What is an SDI Camera?
Written by Matthew Benner on August 17, 2020
Learning About SDI
SDI broadcasting systems have been around since the 90s. They have been used to broadcast and create some of the most popular TV shows. To this day, SDI systems still exist to make video production better. That, and the SDI camera. Anyone interested in getting an SDI camera and cables should know what they are and how they work.
What is an SDI Camera?
An SDI camera is a camera that features an SDI video connection. SDI video connections have a locking connector that can connect an SDI cable to another video device such as a recorder, a production system or a streaming encoder. SDI cameras can output video using an SDI cable connection.
SDI stands for Serial Digital Interface and it’s a type of broadcast-quality cable used to connect video sources such as cameras and televisions to other video devices such as video switchers, production systems and encoders.
The Serial Digital Interface is a sort of cable that’s primary use is to broadcast video from cameras and TVs to other video devices, like encoders and production systems. This interface has been used for streaming TV since the 90s and is transmitted through a coaxial cable. One end of the SDI cable is connected to another.
What is an SDI camera used for?
SDI cameras are generally used to provide video inputs to production systems. Video producers will use these SDI camera inputs to create a production which can be recorded or broadcast live. Video production switchers can be used to switch between multiple SDI camera inputs in order to tell a story and record video content that’s visually appealing live.
An SDI Camera is basically a camera that has an SDI video connection. Streaming systems and recorders can be connected to the SDI Camera to stream output video (high definition zoom video).
Is HDMI better than SDI?
HDMI stands for High-Definition Multimedia Interface. HDMI cabling is generally less expensive than SDI cabling but features many of the same high resolution and frame rate capabilities. The main advantage of SDI cabling over HDMI is the long cabling distances that SDI supports. HDMI cabling is not generally reliable after 50 feet and requires an expensive HDMI extension system. SDI cabling is generally used in more professional production systems. HDMI cabling is generally used for more consumer-based production systems.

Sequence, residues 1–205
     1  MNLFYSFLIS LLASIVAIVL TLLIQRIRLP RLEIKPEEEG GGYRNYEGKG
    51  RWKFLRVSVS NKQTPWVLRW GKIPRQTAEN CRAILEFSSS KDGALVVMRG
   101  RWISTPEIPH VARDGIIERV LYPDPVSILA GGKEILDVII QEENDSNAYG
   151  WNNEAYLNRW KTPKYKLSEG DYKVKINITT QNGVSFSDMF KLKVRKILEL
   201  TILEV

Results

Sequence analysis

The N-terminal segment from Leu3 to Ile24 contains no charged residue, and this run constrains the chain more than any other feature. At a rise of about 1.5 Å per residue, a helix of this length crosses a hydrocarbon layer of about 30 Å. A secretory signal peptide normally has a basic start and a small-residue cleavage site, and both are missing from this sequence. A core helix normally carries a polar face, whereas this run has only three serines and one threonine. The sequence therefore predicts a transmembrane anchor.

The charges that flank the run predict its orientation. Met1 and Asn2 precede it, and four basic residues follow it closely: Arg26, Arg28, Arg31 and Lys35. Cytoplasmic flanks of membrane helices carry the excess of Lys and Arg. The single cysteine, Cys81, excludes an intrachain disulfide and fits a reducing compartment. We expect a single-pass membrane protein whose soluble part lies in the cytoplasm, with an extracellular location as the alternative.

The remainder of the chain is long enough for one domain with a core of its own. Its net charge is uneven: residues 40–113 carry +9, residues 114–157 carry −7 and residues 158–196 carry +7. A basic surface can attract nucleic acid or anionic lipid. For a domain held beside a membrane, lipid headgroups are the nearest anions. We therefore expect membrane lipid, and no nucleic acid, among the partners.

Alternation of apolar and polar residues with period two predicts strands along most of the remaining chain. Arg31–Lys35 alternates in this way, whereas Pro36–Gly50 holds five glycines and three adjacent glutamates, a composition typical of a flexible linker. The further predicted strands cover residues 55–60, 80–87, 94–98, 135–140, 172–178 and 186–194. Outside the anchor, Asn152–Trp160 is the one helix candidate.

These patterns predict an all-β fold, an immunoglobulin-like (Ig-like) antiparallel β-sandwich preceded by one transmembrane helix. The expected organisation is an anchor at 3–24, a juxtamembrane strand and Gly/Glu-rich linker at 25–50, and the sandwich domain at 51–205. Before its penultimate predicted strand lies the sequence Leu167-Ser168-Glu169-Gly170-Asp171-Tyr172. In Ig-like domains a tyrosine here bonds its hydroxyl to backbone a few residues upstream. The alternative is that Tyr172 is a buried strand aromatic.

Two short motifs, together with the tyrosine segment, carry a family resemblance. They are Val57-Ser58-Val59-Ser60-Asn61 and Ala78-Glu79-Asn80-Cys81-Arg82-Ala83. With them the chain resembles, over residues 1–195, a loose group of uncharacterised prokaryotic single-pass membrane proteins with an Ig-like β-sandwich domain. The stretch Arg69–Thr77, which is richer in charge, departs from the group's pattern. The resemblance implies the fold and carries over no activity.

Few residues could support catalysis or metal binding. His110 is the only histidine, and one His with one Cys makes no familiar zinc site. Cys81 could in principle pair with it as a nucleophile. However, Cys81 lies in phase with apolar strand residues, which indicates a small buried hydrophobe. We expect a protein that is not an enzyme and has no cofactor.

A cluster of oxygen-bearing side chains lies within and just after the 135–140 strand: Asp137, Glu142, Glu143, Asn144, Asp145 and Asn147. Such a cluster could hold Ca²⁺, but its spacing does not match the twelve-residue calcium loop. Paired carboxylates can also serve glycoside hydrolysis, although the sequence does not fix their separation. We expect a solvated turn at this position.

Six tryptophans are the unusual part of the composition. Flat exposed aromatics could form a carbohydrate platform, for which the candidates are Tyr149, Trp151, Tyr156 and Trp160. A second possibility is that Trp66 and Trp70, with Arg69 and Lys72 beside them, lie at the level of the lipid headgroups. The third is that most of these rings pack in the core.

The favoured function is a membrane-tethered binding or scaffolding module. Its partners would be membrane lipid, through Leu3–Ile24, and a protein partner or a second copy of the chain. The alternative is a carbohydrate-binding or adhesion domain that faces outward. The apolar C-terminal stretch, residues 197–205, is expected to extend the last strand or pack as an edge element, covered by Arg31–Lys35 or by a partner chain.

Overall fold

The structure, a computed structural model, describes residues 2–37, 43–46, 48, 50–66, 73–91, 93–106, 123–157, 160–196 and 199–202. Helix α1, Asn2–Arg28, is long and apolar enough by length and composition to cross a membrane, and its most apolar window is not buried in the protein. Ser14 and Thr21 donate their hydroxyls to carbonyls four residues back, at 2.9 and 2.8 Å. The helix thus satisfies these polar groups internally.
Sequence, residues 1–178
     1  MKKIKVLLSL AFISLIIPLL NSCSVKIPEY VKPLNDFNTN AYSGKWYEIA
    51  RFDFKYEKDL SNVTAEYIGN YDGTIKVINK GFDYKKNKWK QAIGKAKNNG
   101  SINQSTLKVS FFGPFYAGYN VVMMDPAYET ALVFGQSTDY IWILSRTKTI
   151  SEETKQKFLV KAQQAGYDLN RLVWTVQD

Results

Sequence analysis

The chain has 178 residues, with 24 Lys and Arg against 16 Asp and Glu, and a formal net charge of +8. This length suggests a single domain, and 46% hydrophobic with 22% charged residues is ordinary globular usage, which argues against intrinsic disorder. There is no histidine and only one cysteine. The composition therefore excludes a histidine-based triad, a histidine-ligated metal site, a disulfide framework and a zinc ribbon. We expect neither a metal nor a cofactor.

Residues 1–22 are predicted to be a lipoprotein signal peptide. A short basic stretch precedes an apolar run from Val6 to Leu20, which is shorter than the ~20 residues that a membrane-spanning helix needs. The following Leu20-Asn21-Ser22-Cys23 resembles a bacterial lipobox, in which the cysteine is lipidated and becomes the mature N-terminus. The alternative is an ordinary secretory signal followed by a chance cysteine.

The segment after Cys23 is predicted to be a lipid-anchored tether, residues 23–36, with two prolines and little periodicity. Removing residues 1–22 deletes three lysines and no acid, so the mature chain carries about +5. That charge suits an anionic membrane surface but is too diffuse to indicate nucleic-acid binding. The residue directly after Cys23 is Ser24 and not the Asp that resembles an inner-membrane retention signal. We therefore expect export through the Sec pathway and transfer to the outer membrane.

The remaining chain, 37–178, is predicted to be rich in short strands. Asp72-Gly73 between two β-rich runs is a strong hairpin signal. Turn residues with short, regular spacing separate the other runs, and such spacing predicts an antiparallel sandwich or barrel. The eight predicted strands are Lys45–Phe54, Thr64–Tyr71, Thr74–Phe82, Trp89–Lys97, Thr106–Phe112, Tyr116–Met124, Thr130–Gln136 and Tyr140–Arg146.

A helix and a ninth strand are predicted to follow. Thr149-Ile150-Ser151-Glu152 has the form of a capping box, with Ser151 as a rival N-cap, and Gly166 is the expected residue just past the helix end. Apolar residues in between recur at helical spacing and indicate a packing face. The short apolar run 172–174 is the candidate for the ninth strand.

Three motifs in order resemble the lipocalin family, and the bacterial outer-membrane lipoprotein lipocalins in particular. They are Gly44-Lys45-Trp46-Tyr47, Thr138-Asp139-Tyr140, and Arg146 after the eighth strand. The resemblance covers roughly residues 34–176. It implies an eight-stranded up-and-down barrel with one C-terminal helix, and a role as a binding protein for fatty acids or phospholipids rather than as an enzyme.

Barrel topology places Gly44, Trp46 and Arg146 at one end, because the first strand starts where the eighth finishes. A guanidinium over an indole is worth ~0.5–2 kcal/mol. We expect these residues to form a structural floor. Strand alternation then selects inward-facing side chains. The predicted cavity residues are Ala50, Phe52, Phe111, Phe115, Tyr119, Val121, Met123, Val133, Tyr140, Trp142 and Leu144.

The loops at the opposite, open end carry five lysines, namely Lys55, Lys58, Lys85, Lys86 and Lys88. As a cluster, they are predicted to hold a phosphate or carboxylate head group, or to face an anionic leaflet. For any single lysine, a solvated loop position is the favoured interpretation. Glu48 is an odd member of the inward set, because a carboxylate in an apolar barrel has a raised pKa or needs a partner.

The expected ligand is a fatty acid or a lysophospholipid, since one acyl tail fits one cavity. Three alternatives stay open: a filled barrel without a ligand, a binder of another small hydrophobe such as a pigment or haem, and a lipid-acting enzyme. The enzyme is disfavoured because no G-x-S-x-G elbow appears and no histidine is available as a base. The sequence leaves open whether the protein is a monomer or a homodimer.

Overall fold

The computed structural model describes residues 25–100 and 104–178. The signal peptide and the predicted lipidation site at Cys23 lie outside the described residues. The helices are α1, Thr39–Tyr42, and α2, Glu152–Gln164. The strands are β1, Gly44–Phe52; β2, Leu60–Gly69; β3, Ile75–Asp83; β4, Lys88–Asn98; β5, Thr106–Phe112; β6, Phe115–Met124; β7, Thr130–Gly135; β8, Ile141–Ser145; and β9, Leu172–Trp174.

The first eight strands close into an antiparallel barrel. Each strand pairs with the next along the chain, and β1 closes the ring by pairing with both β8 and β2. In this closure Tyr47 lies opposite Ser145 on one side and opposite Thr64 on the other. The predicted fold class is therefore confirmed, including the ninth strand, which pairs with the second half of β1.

The HDMI system is pretty inexpensive compared to SDI for the same features. HDMI still has a high resolution, as well as the frame rate capabilities.
SDI cabling is reliable and supported after 50 ft, whereas the HDMI system is not. It requires an expensive HDMI extension service that defeats the purpose of saving money on it compared to the SDI. HDMI is very consumer-based, but the cables don’t reach those long lengths. They appeal to the people and not toward video producers. SDI Are usually used for more professional productions and videos, and HDMI is used for more of the simple stuff.
Are all SDI cables the same?
SDI cables come in many different varieties. The first type you should know about is called Plenum versus non-plenum cabling. Plenum-rated cabling is rated for use inside of walls and ceilings; therefore, many permanently installed cables that reach long distances require plenum-rated cabling to keep up with fire safety regulations. For common SDI cable quality types are SDI, HD-SDI, 3G SDI, and 6G-SDI. The original SDI cabling supports 480i video resolutions, HD-SDI supports 1080i/720p resolutions, 3G-SDI supports 1080p at 60fps, and 6G SDI supports 4K signals at 60Hz.
The Common SDI Cable Types
- SDI: This supports streaming with 480i video resolutions.
- HD-SDI: This supports streaming with 1080i/720p resolutions
- 3G-SDI: This supports streaming with 1080p at 60fps
- 6G- SDI: This supports streaming with 4K signals at 60Hz.
These are the basics on the SDI camera, cables, and what it does. Anyone looking to start a video production or television series should consider investing in an SDI camera, as it is the best camera for the job. It has high-definition, it is supported by long cables, and it can record and live stream at the same time.
More on Basics of Live Streaming
- What do I need to live stream? Here.
- How to live stream to YouTube Here.
- How to make more engaging video content Here.
- What is the best camera for live streaming? Explained Here.
- How to live stream to Facebook? Here
- How to add graphics into your live stream Here
- How to live stream a Zoom meeting? Here
- What is OBS (Open Broadcaster Software)? Here
- What is a PTZ Camera? Here
- What is an SDI Camera? Here
- What is an NDI Camera? Here